European equities set new records; miners slide

(Reuters) – European stocks hit a new all-time high on Monday after comments from European Central Bank chief Christine Lagarde helped push back bets of monetary policy tightening, while a drop in miners limited earnings.

The DAX chart of the German stock index is pictured on the stock exchange in Frankfurt, Germany on November 11, 2021. REUTERS / Staff

ECB President Lagarde said the current spike in inflation would be longer than expected, but would subside next year, so political action now would hit the economy just as price growth begins to moderate on its own.

The continent-wide STOXX 600 index rose 0.4%, while the German DAX index gained 0.3%, with both indicators reaching a new high.

“Comments from ECB Governor Lagarde highlighted the current dovish attitude to inflationary pressures, with their first rate hike still scheduled for 2023,” said Joshua Mahony, senior market analyst at IG.

The leading French CAC 40 also reached a record level, up 0.5% thanks to a rise by Airbus. The European aircraft maker has received a multibillion-dollar order for 255 A321neo single-aisle jets from airlines in the portfolio of private equity firm Indigo Partners.

The STOXX 600 hit a series of records this month as corporate earnings and accommodative central bank policy decisions boosted investor confidence, helping to distract from a COVID-19 resurgence in the region.

Meanwhile, the European Basic Resources Index fell 1.1% as metal prices fell following China’s pledge to “phase out” coal at the COP26 summit. [MET/L]

Data earlier today showed retail sales and industrial production growth last month in the world’s second-largest economy exceeded expectations, fueling optimism among global investors. [MKTS/GLOB]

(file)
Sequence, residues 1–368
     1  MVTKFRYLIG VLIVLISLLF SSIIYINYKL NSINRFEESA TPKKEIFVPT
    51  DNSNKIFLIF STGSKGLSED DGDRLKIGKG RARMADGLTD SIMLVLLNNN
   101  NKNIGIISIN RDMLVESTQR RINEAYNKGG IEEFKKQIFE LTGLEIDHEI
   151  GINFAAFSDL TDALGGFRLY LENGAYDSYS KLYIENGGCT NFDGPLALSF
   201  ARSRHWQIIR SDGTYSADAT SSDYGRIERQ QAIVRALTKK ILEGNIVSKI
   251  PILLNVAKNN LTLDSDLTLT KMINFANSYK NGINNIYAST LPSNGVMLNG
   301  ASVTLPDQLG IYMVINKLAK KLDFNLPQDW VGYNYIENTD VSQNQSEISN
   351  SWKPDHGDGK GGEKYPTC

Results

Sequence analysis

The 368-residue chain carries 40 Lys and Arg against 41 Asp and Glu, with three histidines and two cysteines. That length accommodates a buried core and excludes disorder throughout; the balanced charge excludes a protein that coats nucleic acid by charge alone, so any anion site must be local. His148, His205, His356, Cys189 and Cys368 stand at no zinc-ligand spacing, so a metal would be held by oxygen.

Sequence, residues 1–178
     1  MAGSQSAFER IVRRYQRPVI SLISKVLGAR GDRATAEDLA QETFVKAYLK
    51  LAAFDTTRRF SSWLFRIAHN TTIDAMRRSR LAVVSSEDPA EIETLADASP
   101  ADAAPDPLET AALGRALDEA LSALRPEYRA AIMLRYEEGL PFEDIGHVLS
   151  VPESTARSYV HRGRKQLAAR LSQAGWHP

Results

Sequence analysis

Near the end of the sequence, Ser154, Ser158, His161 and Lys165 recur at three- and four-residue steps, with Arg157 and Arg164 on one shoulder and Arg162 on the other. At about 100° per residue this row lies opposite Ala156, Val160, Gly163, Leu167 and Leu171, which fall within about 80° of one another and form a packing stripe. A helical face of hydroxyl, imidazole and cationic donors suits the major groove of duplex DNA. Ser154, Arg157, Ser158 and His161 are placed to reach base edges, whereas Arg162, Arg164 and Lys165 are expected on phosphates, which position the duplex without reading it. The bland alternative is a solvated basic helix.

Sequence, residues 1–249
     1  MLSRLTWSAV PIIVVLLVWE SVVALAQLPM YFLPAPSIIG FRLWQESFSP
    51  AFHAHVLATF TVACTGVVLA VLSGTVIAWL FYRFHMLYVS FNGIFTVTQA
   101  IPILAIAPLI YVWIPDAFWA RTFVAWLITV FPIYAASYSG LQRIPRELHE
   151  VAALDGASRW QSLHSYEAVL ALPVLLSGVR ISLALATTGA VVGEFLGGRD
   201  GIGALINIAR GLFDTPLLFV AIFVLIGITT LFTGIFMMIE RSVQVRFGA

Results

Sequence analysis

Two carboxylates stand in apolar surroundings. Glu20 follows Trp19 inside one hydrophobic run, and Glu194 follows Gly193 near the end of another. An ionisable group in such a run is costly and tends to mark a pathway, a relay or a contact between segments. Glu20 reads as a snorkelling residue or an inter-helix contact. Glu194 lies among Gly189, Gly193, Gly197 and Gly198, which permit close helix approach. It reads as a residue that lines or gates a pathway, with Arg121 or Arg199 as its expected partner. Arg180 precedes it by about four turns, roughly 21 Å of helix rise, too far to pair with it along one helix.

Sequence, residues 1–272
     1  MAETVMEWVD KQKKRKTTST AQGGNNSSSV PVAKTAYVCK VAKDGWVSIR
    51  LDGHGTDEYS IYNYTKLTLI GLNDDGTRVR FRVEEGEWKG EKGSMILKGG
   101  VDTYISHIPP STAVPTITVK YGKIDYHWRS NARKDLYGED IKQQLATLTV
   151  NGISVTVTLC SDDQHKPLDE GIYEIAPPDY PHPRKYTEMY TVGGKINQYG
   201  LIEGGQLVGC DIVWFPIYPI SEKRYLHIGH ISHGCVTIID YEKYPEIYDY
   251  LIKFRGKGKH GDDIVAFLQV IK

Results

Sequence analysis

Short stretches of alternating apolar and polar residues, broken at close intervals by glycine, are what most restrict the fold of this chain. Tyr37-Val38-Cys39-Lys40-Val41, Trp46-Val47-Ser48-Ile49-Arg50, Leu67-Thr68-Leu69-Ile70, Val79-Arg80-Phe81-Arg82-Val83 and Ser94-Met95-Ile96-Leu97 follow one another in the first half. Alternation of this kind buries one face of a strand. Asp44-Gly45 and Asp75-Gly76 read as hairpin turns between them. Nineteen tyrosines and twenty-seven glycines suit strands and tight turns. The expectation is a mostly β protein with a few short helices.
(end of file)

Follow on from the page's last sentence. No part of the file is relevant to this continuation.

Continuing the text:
Austria’s government on Sunday became the first European country to reinstate a new lockdown, placing millions of unvaccinated people on restrictions amid record infection rates.

“Across Europe, the increase in COVID-19 cases has raised new concerns that restrictions could come back in place as early as the Christmas holidays,” said Oliver Males, sales representative at Spreadex.

Among other actions, Royal Dutch Shell added 2.1% after saying it would simplify its business and move its headquarters to Britain from the Netherlands.

Spanish bank BBVA was the main drag on Spain’s blue chip IBEX, losing 4.3% on its offer to buy the remainder of Garanti BBVA for up to € 2.25 billion (2.6 billion billions of dollars).

Shares of Philips, which is recalling fans because of the use of parts containing potentially dangerous foam, fell 10.6% after the company announced it was in talks with US regulators over ” a new inspection of one of its facilities.

Reporting by Anisha Sircar and Shreyashi Sanyal in Bangalore; Editing by Sherry Jacob-Phillips, Aditya Soni and Andrew Heavens

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Felix J. Dixon